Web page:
Guinness pours out its Top 50 Games of All Time

We wish we could write off Guinness World Records' newly published list of the all-time top 50 "console" games as a simple case of tapping one too many kegs that night. But then, the business of profiting from others' frivolous "records" was sold by the stout brewers some years ago and is today operated by the Jim Pattison Group, purveyor of the other bizarre events publication, Ripley's Believe It or Not!. Of course, a top 50 games list, while always subjective, doesn't have to be "bizarre" by nature -- this one just is.

While the list (published in full after the break) appears to start off innocently, if not entirely incorrect with "Super Mario Kart," followed by "Tetris," and then "Grand Theft Auto" in third, an adjoining explanation (in the press release) reveals -- with inaccuracy and contradiction -- that the first three selections actually represent franchises, and not single games: "As the best-selling racing game on the N64 (more than 9 million units sold), Super Mario Kart is also the best-selling racer on the SNES (8 million units), the GameCube (nearly 7 million units) and the DS (10 million units) ... In second place, the world's most ported video game, Tetris, is available on at least 59 different gaming platforms ... Third runner up, Grand Theft Auto holds the record for the most controversial series of games." Oddly, GTA is represented two more times on the list by San Andreas (#16) and Vice City (#39).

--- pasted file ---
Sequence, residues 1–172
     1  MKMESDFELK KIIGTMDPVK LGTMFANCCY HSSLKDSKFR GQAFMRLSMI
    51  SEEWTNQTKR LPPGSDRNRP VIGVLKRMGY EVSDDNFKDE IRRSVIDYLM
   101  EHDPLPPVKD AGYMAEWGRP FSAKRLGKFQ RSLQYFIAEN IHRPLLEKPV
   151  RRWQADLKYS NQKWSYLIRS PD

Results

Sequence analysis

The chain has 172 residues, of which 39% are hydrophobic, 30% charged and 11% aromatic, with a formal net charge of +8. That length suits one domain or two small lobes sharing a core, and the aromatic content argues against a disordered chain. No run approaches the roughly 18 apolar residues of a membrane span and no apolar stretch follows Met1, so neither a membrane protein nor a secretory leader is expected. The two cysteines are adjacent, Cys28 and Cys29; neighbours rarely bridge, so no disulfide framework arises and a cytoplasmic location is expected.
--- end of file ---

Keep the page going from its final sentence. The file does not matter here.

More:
As for the remainder of the list, we are not given instructions for interpreting entries that could also be representative of entire series or just single titles (Halo, Tomb Raider, Metal Gear Solid, etc.), though, there are plenty of games that are singled out from their respective franchises, as well (Ocarina of Time, Resident Evil 4, Final Fantasy XII, etc.). But, that's the beauty of an annual records book -- there's always room in next year's edition to rewrite the list!

Click here to see the Guinness Top 50 Games

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50-40, 39-30, 29-20, 19-10, 9-1

This article was originally published on Joystiq.